Why having an MRI may cause more harm than good

Jun 22, 2018

The image on the left shows a “normal, healthy” spine. The one on the right shows…you’ve guessed it – an arthritic, degenerated one.  I have treated many patients with spinal images like the one on the right. One particular patient stands out.  She came into the clinic in agony, and even struggled to walk.  The surprising reason for this was a sprained ankle! She was completely unaware of this “problem” with her back, and it didn’t cause her any symptoms.

In a scientific study done in 2014*, a large group of pain free, “normal” working adults had MRI scans of their back.  Nearly 75% of people in their 40’s had disc degeneration (sometimes called disc dehydration), and over half had a disc bulge.  The older age groups had even higher percentages.  But even for the people in their 20’s, over 25% had disc protrusions, disc degeneration and disc bulges.  That means 1 in 4 people in their 20’s are walking around with disc bulges and degeneration….and no pain whatsoever!

So if these changes occur in normal healthy (often young and fit) people, then what causes all the pain?

Most back pain is caused by overuse of weak muscles – often prolonged, sustained postures at a desk, or perhaps a sudden heavy lift, twist or jerk that our back isn’t used to.  Or sometimes the opposite – working in jobs involving heavy manual work can cause muscle fatigue and pain.  Sports injuries can cause muscle strains and overtraining can result in soreness.  Prolonged stiffness and muscle overuse can cause pain to radiate down your legs, imitating nerve pain.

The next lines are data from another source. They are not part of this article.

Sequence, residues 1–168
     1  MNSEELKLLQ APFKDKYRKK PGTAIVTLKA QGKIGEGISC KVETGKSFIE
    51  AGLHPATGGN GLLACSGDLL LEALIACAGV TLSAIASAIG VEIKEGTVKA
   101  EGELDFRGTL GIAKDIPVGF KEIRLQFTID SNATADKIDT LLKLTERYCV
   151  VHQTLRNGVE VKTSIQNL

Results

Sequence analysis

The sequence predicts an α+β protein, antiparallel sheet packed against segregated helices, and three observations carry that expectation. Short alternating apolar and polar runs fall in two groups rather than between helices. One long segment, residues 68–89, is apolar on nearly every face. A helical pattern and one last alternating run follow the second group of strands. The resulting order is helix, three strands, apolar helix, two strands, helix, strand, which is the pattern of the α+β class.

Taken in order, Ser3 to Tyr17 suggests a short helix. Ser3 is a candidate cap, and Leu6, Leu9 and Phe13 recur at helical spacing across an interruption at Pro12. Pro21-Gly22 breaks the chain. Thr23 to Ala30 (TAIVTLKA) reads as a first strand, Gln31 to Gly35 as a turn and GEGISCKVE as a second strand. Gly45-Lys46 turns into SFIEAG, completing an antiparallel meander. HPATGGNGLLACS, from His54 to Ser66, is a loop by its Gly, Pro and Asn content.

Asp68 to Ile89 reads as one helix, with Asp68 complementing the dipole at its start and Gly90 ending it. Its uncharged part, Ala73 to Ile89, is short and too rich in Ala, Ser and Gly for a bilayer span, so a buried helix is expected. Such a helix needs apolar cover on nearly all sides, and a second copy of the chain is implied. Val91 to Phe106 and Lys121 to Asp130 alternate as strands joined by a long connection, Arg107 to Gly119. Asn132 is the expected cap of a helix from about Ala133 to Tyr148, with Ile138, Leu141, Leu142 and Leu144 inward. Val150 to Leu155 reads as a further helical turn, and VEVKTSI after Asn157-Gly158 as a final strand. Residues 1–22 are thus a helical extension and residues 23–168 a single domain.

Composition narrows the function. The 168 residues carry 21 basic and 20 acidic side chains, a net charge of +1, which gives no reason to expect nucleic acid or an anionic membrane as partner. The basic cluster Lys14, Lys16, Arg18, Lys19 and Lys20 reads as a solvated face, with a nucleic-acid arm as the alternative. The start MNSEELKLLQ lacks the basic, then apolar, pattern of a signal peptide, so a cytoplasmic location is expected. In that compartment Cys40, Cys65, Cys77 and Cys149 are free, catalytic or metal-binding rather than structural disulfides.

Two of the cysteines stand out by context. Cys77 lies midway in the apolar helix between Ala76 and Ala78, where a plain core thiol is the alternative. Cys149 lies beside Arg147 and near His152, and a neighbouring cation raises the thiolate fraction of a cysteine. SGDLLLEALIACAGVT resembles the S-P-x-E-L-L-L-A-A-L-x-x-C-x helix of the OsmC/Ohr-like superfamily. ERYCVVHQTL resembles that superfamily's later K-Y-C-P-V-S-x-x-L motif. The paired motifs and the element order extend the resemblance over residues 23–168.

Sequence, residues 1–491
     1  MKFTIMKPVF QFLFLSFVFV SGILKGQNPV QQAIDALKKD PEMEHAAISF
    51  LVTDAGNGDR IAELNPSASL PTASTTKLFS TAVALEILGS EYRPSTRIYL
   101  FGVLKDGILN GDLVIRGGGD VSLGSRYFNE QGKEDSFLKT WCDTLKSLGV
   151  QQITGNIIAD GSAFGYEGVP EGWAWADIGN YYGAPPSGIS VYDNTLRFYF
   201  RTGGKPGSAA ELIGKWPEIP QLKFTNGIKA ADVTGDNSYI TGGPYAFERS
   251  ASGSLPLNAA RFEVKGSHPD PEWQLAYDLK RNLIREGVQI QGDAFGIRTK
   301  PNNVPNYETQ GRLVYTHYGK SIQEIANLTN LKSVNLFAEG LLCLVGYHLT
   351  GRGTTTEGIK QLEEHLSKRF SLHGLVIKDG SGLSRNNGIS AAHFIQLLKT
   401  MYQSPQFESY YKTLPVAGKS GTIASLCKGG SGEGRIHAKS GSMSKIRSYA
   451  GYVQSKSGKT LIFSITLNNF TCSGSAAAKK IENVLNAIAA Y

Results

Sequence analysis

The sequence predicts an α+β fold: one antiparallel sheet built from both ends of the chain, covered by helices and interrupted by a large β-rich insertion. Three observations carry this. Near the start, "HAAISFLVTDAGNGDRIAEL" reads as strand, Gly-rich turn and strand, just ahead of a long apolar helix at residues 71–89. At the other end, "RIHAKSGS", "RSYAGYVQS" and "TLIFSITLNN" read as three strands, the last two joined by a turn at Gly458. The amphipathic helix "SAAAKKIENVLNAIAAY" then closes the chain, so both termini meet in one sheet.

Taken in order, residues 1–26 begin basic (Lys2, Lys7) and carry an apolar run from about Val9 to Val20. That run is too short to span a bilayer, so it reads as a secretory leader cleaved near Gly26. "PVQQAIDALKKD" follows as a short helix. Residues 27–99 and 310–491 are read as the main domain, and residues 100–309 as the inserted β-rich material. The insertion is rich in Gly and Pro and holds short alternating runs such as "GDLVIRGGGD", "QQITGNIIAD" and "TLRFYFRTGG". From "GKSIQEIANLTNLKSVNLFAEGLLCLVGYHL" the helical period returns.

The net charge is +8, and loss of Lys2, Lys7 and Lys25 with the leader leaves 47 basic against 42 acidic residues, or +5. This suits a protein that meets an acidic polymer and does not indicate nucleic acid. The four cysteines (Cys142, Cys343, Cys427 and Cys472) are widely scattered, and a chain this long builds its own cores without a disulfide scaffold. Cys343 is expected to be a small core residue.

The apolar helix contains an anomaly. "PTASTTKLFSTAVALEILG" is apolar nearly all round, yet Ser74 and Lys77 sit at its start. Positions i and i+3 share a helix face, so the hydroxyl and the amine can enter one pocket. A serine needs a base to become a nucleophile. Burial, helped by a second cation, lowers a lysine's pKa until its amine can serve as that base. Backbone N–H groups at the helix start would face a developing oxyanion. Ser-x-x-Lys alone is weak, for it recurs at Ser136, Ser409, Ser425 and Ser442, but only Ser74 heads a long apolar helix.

If you have a sudden onset of pain after a relatively minor trigger (coughing, picking something up off the floor, twisting to get dressed), it is very unlikely that you will have caused any damage to your joints, discs or nerves.  However if you have a MRI scan, there is a high chance it will pick something up such as a disc/joint problem! So, naturally, we conclude that the damaged structure seen on MRI must be the source of the pain.  We start to worry about doing more damage. We start to move in a stiff, guarded, abnormal way.  We tense our muscles.  We cause ourselves more pain.

Pain is your body’s way of protecting itself from danger, and doesn’t necessarily reflect damage to joints, muscles or nerves. We now know that degenerative changes and disc bulges are normal.  Around 1% of back pain is caused by something serious i.e. tumours, spinal cord compression or broken bones.  These are the few cases where a scan will be beneficial to help rule these in/out and determine the best treatment.  If you are worried about what is causing your pain, get in touch and have an assessment with one of the physios.

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